Benign

Article

January 23, 2022

Benin (/be.nɛ̃/), in long form the Republic of Benin (in Yoruba: Orílɛ̀-èdè Olómìnira ilɛ̀ Benin and in gun-gbe: Beninto), is a state in West Africa, which covers a area of ​​114,763 km2 and extends over 700 km, from the Niger River in the north to the Atlantic coast in the south. Benin had a population of 10,741,458 in 2016. The country is part of ECOWAS and neighbors Togo to the west, Nigeria to the east, Niger to the north-northeast and Burkina Faso to the north- North West. Benin gained full independence on August 1, 1960, under the name of the Republic of Dahomey. The powers were transmitted to President Hubert Maga by the French Minister of State Louis Jacquinot. In 1972, officer Mathieu Kérékou took power: in 1974 he adopted Marxism-Leninism as the official government ideology and, in 1975, renamed the country People's Republic of Benin. At the end of the 1980s, serious economic difficulties led to the end of the regime: Benin began a process of democratic transition and, in 1990, adopted a new Constitution. The democratic transition is ensured by Nicéphore Soglo, former Africa director of the World Bank. The name of Benin is retained, the country simply becoming the Republic of Benin. Mathieu Kérékou, defeated in the elections by Nicéphore Soglo, relinquished power. He returned to it democratically through the ballot box in 1996 and did not restore the dictatorship. He governed the country until 2006. The official capital is Porto-Novo (named Hogbonou by the Goun and Adjatchè by the Yorubas), Cotonou being the economic capital. Benin has French as its official language and the CFA franc as its currency. The political system of Benin is of the presidential type and the current President of the Republic is the businessman Patrice Talon, who succeeded Boni Yayi during the elections of March 20, 2016: the transfer of power took place on April 6, 2016 at the Marina Palace in Cotonou. Benin is a member of several international organizations, including the International Organization of La Francophonie and the Organization of Islamic Cooperation. Benin, during the presidency of Patrice Talon, becomes an authoritarian regime; according to international experts this nation of Africa can be considered the most stable due to its constitutional and political institutions. One can wonder about the content of this stability in view of several worrying factors: the exile of political opponents and the imprisonment of an opponent.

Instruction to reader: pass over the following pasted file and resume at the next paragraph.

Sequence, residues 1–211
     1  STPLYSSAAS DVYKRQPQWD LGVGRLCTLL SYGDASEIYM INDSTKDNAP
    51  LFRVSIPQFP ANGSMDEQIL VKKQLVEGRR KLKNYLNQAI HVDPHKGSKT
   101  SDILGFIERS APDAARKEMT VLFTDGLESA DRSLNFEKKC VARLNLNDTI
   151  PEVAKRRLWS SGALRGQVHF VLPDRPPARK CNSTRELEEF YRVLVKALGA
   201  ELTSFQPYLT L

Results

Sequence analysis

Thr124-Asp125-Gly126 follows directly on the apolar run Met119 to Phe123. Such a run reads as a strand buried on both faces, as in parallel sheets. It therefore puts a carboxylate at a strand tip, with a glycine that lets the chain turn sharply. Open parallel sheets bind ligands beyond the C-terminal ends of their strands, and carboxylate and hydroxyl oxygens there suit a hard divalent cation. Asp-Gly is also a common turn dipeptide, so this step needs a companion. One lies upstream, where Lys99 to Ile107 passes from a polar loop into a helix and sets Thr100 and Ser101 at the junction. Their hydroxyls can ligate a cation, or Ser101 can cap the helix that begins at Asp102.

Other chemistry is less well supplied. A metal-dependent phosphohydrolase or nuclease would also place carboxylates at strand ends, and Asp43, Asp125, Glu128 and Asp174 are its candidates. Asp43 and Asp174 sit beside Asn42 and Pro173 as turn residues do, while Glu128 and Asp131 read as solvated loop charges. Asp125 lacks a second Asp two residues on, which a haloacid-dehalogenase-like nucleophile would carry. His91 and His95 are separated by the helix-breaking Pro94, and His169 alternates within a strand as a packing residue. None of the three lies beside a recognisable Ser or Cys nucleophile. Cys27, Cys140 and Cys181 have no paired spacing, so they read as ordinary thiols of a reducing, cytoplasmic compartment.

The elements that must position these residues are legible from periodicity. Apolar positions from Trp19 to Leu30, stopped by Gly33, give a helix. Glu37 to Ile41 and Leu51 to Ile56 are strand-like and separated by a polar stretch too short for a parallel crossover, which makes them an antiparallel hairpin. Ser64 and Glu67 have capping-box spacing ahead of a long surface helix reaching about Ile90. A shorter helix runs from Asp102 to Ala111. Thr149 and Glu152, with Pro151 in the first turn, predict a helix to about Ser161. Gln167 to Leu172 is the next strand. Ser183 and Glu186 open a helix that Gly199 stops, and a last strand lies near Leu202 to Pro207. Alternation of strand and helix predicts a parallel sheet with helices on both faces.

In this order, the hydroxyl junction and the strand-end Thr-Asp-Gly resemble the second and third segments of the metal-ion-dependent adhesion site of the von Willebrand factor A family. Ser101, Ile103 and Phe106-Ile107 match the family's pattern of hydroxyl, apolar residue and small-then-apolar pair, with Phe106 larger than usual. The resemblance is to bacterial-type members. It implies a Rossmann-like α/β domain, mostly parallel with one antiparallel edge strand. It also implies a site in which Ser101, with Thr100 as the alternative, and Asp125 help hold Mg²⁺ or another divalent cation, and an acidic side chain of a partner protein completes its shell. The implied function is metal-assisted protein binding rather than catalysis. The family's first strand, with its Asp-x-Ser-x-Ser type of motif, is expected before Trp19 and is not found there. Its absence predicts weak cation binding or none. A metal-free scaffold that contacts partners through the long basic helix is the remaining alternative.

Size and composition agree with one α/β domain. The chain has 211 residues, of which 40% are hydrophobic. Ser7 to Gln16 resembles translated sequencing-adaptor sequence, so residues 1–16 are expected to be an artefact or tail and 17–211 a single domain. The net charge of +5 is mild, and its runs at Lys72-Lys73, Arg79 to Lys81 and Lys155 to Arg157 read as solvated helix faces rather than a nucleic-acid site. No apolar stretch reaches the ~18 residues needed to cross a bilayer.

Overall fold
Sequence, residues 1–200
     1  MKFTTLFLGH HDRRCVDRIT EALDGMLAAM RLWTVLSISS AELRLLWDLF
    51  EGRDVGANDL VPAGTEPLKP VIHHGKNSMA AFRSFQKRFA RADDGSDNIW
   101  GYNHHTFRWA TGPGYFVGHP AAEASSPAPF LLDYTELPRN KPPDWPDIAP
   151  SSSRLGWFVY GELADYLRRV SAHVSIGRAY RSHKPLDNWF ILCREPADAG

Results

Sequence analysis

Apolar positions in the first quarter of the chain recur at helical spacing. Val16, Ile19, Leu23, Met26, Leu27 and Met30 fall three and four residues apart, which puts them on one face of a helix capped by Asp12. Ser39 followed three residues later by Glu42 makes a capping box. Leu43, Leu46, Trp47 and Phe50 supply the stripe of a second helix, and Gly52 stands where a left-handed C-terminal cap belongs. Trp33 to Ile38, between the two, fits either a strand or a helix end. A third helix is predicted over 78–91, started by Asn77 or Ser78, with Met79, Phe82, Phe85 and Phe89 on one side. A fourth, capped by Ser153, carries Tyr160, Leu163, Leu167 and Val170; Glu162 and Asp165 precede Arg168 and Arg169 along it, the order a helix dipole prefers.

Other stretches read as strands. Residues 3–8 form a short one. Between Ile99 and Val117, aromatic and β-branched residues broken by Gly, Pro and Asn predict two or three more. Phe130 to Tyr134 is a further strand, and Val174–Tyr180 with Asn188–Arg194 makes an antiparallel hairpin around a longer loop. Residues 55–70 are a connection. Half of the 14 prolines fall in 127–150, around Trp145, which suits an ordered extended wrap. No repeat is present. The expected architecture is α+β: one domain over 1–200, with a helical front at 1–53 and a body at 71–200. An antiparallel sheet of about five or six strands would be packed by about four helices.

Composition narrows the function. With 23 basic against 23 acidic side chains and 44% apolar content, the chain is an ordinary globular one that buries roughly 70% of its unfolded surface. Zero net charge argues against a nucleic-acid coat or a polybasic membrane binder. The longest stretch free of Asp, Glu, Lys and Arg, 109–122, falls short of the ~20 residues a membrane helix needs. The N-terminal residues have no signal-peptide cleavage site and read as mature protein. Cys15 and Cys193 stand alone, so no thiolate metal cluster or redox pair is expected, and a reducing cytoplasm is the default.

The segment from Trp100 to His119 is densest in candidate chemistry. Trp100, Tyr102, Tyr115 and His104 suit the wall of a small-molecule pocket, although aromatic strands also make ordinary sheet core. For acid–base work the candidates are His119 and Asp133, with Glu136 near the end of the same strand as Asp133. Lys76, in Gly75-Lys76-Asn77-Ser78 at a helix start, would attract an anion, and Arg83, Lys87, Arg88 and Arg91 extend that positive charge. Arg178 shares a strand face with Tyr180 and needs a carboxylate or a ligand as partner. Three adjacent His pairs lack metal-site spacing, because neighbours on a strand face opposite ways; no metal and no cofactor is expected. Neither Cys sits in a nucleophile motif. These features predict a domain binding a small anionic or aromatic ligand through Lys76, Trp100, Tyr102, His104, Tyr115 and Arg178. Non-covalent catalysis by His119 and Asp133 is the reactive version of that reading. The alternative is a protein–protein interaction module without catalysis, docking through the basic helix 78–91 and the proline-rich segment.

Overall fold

Geography

Location and borders

Benin shares 2,123 km of land borders with four countries: Burkina Faso (386 km), Niger (277 km), Nigeria (809 km) and Togo (651 km). The International Court of Justice of the United Nations defined on July 12, 2005 the current border between Benin and Niger, after a dispute over the islands in the bed of the Niger and Mekrou rivers: nine islands were attributed to Benin and sixteen, including that of Lété, in Niger. The coastline, on the Gulf (or bay) of Benin — in the great Gulf of Guinea — extends over 121 km. The territory, formed by a narrow strip of land oriented perpendicular to the coast, extends from north to south over a length of approximately 672 km. It reaches a width of 324 km at its widest point in its northern part.

Relief

Stretched in shape between the Niger River in the north and the coastal plain in the south, the relief of the whole country is not very rugged. The north of the country is mainly made up of savannas and semi-arid mountains, such as the Atacora range, which extends to Togo and Ghana on the one hand and to Niger on the other. The highest point in the country is Mount Sokbaro (or Sagbarao) (800 meters). The south of the country consists of a coastal plain b

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